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Slipstreaming vs. Ghost Image

Jesse

OSNN One Post Wonder
#1
Hello,

I am hoping to get some feedback on the pros and cons of both backup methods.

I would really like to make a clean install of the os and apps on my c drive as fast and trouble-free as possible. Never having used either one I dont see any practical difference between the two. Educate me:)


Thanks very much,

Jesse
 

Johnny

.. Commodore ..
Political User
#2
Slipstream is when you integrate a application into a Operating system. Ghost image is an image of the CD. The diff is that with the slipstream you don't always everything, you in most cases, will have reinstall drivers etc. With the ghost image, it is exactly how you want it. You will not need to reinstall anything, as long as it is how you like it. It also takes about five minutes for a ghost image, and depending on the speed of your computer about an hour to reinstall the os, and put all the things that slip couldn't ..
 
#6
There are pros and cons to each approach, and one can be a better option than the other, depending on the scenario.

The advantage of a drive image is that the backup and restore process is extremely fast. You can usually get from start to a fully running system with all your drivers and applications installed, and all your settings configured, in less than 15 minutes. A drive image, on the other hand, is not a suitable choice if you are the kind of person who changes hardware often. It wouldn't work at all if you happened to swap out your existing motherboard for a new one. More than likely, you'd end up with a STOP error (aka a BSOD) at startup.

I'd personally recommend going with both options - create a slipstreamed Windows CD with the latest service pack integrated, along with all the hotfixes available at the time you decide to create it. That way, if you ever need to start afresh, you don't have to go through the trouble of installing SP's and countless hotfixes. Also create a drive image of your setup after you've installed all your commonly used applications. The latter is the best way to go if something suddenly goes wrong and you need to revert the system.
 

Maroon

OSNN Junior Addict
#7
It's a real practical difference. I can recommend you to point out, that I always use system backup software. I create an exact image of my HDD with clean installed OS and apps. It takes me about 10 min. Then I make a bootable CD (due to compression it takes not much space), which could restore system without booting Windows, and another image copy I keep on my PC. I think it's the easiest and the most safely back up method. I've never had any problem with it.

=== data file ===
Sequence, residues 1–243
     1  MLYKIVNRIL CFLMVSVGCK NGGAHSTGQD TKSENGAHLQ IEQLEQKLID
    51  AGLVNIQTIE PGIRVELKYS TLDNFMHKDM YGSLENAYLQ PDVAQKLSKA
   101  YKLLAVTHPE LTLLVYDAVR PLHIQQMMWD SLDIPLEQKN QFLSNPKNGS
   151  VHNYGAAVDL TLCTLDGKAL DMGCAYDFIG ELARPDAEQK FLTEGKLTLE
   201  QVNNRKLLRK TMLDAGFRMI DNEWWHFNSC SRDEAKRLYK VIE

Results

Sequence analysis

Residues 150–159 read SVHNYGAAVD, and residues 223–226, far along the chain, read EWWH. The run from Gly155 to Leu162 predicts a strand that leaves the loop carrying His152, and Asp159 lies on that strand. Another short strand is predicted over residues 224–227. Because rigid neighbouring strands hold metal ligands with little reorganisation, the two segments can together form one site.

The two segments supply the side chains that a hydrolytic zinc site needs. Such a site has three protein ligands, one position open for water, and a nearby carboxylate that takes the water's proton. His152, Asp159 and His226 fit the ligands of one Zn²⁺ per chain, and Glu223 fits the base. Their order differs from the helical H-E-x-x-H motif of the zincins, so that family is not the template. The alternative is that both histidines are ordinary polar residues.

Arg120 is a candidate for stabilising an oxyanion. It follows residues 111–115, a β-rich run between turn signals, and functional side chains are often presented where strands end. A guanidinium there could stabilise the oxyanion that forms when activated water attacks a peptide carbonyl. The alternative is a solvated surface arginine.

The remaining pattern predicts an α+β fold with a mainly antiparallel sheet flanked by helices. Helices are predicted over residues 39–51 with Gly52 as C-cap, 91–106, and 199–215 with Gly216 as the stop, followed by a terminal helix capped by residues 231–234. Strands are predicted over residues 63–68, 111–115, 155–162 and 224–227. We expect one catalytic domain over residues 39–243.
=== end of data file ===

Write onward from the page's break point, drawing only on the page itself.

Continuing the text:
kcnychief

█▄█ ▀█▄ █
Political User
#9
Most of what I will say has already been mentioned, but I agree with NetRyder that both make a good combination. Slipstreaming with SP2 and hotfixes is definitely a good idea, as an un-patched PC can, in a worst-case scenario, become infected within 2 minutes of connectivity. Hard to believe, but I've seen it myself. If you have a CD that is patched to a relatively recent level, this will allow you you to be close to 100% on the Windows Security side before even connecting to the internet.

That being said, using Ghost takes this process a whole lot further. Regardless of daily applications such as Office, E-mail, and perhaps a Media Player, normally one would install Anti-Virus protection and perhaps a software firewall, if a hardware version is not in place. Being able to restore to this state, rather than just with Windows patches, is obviously a better result.

Take note, however, that if/when you restore to that image, virus and other security patches are only updated to the day the image was created. If you have the overhead, I suggest you use an image machine. I have a special computer that is nothing but for my image at home, and I boot to it about once a month for maintenance, patching etc.

Again, each has their place, and each is almost a critical tool in maintaining a Healthy PC.
 

Johnny

.. Commodore ..
Political User
#11
Jesse said:
Thanks to everyone for the info.

Looks like the best bet for my application will be a ghost image.

Thanks again,

Jesse
I would recoment Acronis true image myself, but, that is just is just me. Then again, you will see some others on here who feel the same. Of course, it is one of those perosnal pref things ,,,
 

Admiral Michael

Michaelsoft Systems CEO
#12
Like mentioned, ghosting (or imaging for those people who dont like Ghost) takes a snapshot of your current harddrive/partition (which ever you choose) and creates a file or files which later can restore your computer to exactly as it was when you made the image.

The only negative about this is that it will also revert back to any older drivers that were installed when the image was created. It also is computer specific meaning that you can't use the same image on another computer. Unless it is 100% the same. (cept for maybe ram, hard drive)


I just wanted to add that. :p
 

kcnychief

█▄█ ▀█▄ █
Political User
#13
Admiral Michael said:
Like mentioned, ghosting (or imaging for those people who dont like Ghost) takes a snapshot of your current harddrive/partition (which ever you choose) and creates a file or files which later can restore your computer to exactly as it was when you made the image.

The only negative about this is that it will also revert back to any older drivers that were installed when the image was created. It also is computer specific meaning that you can't use the same image on another computer. Unless it is 100% the same. (cept for maybe ram, hard drive)


I just wanted to add that. :p
Not entirely true, I maintain a Ghost Image for all Dell Computers and Laptops. This can be done using Sysprep.

You are right though, for the home user, that does apply.
 

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